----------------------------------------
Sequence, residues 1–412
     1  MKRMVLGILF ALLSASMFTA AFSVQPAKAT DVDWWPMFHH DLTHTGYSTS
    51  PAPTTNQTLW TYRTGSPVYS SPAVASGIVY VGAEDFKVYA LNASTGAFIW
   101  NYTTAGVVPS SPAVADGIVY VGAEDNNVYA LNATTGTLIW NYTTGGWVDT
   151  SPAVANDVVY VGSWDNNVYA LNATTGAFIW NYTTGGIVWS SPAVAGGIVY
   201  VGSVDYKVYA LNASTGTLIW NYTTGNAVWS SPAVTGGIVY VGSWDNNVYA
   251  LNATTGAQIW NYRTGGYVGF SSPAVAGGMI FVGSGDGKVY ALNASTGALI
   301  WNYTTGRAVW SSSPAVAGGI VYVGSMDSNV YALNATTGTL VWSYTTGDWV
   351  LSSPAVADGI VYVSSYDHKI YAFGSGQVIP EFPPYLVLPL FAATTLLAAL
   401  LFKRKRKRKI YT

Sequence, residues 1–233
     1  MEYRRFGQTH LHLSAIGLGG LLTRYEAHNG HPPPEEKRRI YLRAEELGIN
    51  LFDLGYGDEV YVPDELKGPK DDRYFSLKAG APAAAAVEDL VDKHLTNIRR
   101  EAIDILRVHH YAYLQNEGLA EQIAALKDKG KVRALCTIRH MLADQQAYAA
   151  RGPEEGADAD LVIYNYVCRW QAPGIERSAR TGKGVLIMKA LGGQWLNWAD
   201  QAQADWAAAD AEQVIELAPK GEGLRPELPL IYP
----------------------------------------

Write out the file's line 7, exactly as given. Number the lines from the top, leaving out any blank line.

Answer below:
   251  LNATTGAQIW NYRTGGYVGF SSPAVAGGMI FVGSGDGKVY ALNASTGALI